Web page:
This is Part I of an interview with Jan Harayda, a journalist and the editor-in-chief of One-Minute Book Reviews, about yesterday’s New York WordCamp. Part II will appear on “Late Night With Jan Harayda” on Tuesday night. It will deal with bread-and-butter topics covered at WordCamp, such as how to market your blog and use video on WordPress.
WordCamp started at 9:30 on a beautiful Sunday morning in New York. Did anybody show up?
O, ye of little faith! About 100 of us spent more than 8 hours in a conference room at Sun Microsystems in midtown. Well before the day ended, some of the bloggers announced that they had found a bar where people could continue their education in the finer points of WordPress after hours. Those of us who had to catch buses back to New Jersey never found out how many were sober when their training was complete. Clearly WordCamp was a success.
A hundred people on a Sunday morning? Was WordCamp, like, free?
It cost $30. But that got you bagels and Danish for breakfast and a sack lunch: a sandwich, salad, fruit, and an oversized chocolate chip or oatmeal raisin cookie. And we got some nice stretchy orange-and-brown WordPress T-shirts that, so they would fit you even if you ate a lot of the mini cherry pastries at breakfast.
Why do you think so many people showed up for WordCamp?
I’ll quote Matt Mullenweg ma.tt/about/, founding developer of WordPress, who dealt with that question during his keynote address: “I believe WordPress users are smarter and more attractive than the general population.”
Was that Matt’s best joke?
No. Matt’s best joke was his entertaining imitation of how the CNN anchor Anderson Cooper almost got blown away while reporting on a recent hurricane. “They should get, like, a heavier person to cover hurricanes,” Matt said, leaning to one side. [Note: My notes say that Matt actually said: “They should put, like, a heavier person to cover hurricanes," but my version sounds better, don't you think?]
So Matt’s jokes were the best part of WordCamp?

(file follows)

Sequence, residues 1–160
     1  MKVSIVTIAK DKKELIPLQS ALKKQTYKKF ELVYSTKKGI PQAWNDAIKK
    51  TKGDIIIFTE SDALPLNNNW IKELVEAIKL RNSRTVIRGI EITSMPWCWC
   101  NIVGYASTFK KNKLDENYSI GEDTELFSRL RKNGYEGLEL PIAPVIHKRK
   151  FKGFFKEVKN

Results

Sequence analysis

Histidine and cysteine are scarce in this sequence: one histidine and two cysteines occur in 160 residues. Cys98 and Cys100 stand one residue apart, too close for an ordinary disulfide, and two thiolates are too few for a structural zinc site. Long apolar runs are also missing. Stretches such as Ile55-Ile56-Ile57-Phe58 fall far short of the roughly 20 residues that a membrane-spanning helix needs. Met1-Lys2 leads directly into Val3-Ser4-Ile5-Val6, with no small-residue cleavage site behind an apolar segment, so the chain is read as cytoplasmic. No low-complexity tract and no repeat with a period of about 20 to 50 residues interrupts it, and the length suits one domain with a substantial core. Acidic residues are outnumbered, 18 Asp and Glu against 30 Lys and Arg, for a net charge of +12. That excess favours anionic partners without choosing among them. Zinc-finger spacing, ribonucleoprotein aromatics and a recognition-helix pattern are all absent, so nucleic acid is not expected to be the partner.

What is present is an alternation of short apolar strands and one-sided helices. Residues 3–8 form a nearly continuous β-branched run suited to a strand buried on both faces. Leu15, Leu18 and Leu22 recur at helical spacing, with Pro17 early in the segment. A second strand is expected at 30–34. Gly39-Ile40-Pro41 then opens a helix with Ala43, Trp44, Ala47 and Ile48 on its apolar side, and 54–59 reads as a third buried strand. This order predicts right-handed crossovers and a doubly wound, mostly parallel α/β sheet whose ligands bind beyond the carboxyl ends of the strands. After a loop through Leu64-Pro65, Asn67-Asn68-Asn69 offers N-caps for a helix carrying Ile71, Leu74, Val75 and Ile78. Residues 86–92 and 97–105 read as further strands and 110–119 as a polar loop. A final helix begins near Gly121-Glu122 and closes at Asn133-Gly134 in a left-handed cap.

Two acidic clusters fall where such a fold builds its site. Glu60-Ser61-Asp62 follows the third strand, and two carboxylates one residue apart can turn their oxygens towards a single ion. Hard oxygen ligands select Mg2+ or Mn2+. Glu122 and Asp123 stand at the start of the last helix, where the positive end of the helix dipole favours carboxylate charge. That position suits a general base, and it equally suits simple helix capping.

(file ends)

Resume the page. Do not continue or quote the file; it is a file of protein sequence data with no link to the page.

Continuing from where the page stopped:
The best part of WordCamp was that the program had something for everybody. At least a third of the participants said that they considered themselves Web developers or designers. Most of the rest were rank-and-file bloggers like me. A few said, in effect, that they didn’t have blogs yet but had come realize that this was a tragic mistake that they planned to undo.
What did you learn about WordPress from WordCamp?
WordPress is one of the largest open-source projects on the Web along with Firefox and a few others. It has about 4 million blogs, and version 2.7 will come out in November. The most popular page among bloggers on WordPress is the stats page. The most popular plug-in is Akismet spam protection.
WordPress also offers a lot of colorful, free themes, which combine display and plug-in features and help to determine the look of your site. Unfortunately, some con artists on the Web falsely claim to offer legal alternatives to these. If you download their fake themes, they put evil codes on your site that load it with spam or worse. So if you don’t like the free WordPress themes, you should buy a Premium theme from WordPress or have somebody you trust design one for you.
Another piece of bad news was that in China censors have sometimes removed as many as 80 percent of WordPress posts.
Did anybody mention that rumor that the CIA uses WordPress?
Isn’t that fascinating? It’s true, apparently. Matt said in his speech that the U.S. government agencies that have WordPress blogs include the following: the Air Force, the Army, the CIA, the Coast Guard, the FBI, the Marine Corps, the Navy, the Treasury, the Department of Homeland Security. And he wasn’t joking the way he was about Anderson Cooper and the hurricane. That so many government agencies use WordPress shows you how secure it is compared with some other blogging platforms. Will the Oval Office be next?
You’ll find more WordCamp New York wordcamp.info/2008/10/05/october-2008-upcoming-wordcamps/ and on the New York WordPress Meetup wordpress.meetup.com/169/calendar/8858860/.
© 2008 Janice Harayda. All rights reserved.